‘Spice’ man fails in trademark bid | 19 August 08
SEARCH engine giant Yahoo! has fought off a “groundbreaking” trademark infringement case over keywords and sponsored search results.
Experts at North law firm Ward Hadaway say the ruling in the case of Wilson (Victor Andrew) v (1) Yahoo! Uk ltd (2) Overture Services Ltd brings welcome clarity to companies who use search engine marketing.
In the case, mobile catering businessman Victor Wilson took Yahoo! and its sister company Overture Services Ltd (which trades as Yahoo! Search Marketing) to the High Court, alleging infringement of a trademark he owned, ‘Mr Spicy’.
Mr Wilson claimed that when people typed in ‘Mr Spicy’ into Yahoo’s search engine, sponsored links to other companies’ websites appeared. He argued that this was an infringement of his trademark.
In its defence, Yahoo! said that advertisers whose sponsored links appeared had not bought the term ‘Mr Spicy’ as a keyword.
The company said that the reason these sponsored links appeared was that its word matching technology displayed links to advertisers who had bid on related keywords such as ‘spicy’. Mr Wilson claimed this was also trademark infringement.
The High Court said that Yahoo! was not using the trademarks and therefore not infringing the claimant’s trademark.
In his decision Mr Justice Morgan said the trademark was not used by anyone other than the users who entered the words ‘Mr Spicy’ into the search engine.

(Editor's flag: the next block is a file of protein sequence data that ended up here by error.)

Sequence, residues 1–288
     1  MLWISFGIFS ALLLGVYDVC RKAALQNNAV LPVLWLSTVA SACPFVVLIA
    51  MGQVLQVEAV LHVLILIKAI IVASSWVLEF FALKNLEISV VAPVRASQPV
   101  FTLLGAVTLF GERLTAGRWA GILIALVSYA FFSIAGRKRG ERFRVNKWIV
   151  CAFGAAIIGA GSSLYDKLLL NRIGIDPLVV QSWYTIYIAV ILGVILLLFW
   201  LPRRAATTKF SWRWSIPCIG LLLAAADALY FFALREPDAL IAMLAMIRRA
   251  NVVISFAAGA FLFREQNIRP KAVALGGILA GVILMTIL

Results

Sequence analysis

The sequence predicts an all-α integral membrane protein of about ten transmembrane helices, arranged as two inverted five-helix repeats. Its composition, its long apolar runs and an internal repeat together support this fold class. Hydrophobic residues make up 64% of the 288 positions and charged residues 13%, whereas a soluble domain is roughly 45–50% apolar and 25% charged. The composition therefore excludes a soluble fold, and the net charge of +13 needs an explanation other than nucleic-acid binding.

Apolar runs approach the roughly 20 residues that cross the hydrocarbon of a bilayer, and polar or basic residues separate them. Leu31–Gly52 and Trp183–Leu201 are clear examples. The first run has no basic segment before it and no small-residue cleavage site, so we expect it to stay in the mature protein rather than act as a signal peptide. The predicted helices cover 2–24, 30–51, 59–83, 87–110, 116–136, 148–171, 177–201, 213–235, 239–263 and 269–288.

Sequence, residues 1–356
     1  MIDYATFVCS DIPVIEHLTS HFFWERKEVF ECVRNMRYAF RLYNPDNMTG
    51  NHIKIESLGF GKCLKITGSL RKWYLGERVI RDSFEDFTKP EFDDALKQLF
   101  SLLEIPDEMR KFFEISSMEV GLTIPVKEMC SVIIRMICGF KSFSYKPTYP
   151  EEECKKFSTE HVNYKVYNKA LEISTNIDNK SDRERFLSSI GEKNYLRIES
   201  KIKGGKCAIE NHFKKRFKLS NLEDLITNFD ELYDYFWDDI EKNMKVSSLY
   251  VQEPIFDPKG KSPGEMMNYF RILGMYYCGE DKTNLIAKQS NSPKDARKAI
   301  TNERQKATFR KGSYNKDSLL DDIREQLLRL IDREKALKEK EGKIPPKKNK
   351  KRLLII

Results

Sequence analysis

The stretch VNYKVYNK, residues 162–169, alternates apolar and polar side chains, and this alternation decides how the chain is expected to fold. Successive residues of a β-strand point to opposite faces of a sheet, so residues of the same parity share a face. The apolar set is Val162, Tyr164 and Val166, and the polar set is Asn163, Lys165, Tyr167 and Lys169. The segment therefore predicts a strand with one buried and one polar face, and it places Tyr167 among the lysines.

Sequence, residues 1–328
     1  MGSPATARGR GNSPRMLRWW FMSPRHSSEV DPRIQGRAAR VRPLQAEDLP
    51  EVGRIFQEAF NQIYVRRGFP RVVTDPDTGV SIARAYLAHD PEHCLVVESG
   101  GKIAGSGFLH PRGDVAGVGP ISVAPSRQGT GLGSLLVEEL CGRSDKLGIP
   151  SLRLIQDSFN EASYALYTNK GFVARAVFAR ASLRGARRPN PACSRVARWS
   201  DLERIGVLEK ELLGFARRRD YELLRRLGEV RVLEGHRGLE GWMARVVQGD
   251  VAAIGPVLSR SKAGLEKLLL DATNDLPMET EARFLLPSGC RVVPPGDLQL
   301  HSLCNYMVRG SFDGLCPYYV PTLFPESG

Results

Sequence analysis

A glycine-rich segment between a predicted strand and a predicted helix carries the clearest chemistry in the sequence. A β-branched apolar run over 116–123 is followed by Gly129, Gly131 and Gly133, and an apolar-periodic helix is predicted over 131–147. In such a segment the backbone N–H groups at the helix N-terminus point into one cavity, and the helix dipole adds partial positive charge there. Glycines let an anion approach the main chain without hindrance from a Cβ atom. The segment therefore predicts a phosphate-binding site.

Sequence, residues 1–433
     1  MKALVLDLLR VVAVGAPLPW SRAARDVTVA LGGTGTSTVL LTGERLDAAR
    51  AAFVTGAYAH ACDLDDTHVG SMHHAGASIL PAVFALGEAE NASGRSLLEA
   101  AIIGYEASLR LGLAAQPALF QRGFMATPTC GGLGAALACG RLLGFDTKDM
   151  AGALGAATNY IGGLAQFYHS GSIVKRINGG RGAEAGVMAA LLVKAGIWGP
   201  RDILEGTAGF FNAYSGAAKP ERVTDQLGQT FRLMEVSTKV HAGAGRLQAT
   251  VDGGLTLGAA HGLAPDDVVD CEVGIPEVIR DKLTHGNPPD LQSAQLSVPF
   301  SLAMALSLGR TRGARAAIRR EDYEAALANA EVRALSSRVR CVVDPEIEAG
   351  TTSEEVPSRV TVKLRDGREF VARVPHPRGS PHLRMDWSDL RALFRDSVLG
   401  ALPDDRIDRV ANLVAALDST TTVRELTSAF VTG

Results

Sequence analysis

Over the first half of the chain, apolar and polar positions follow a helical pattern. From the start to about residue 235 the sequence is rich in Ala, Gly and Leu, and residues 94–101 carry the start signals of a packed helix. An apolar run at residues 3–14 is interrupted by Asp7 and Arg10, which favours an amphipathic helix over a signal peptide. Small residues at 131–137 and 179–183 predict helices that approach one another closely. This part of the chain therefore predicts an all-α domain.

Yahoo! had only responded to the use by the user and this did not amount to use of the trademark by the defendants.
The judge added that even if there was use by Yahoo!, it was use of the English word ‘spicy’ and not ‘Mr Spicy’. Even if Yahoo! had used ‘Mr Spicy’, this did not represent use as a trademark, following a ruling in a case involving Arsenal FC.
Mr Wilson could not stop the use of the words ‘Mr Spicy’, even when they were being applied to goods identical to those for which his mark was registered, if that use could not affect his own interest as owner of the mark. That was the case here.
The judge said he could not begin to see how a reference to Sainsbury’s in the search results had any adverse impact on Mr Wilson’s rights.
Judy Baker, IT partner at Ward Hadaway, said: “This is believed to be the first case in the UK brought against a search-engine operator in relation to keyword and sponsored link services, and will be welcomed by advertisers insofar as the court held that the only use of the mark was made by the entering the search term into the browser.
“However, the case did not address all the issues surrounding search engine advertising so companies are still warned to be cautious and avoid use of their competitors’ trademarks in keyword advertising.
“As a footnote, the top ranked web entries for the search term ‘Mr Spicy’ now almost all relate to this court case!”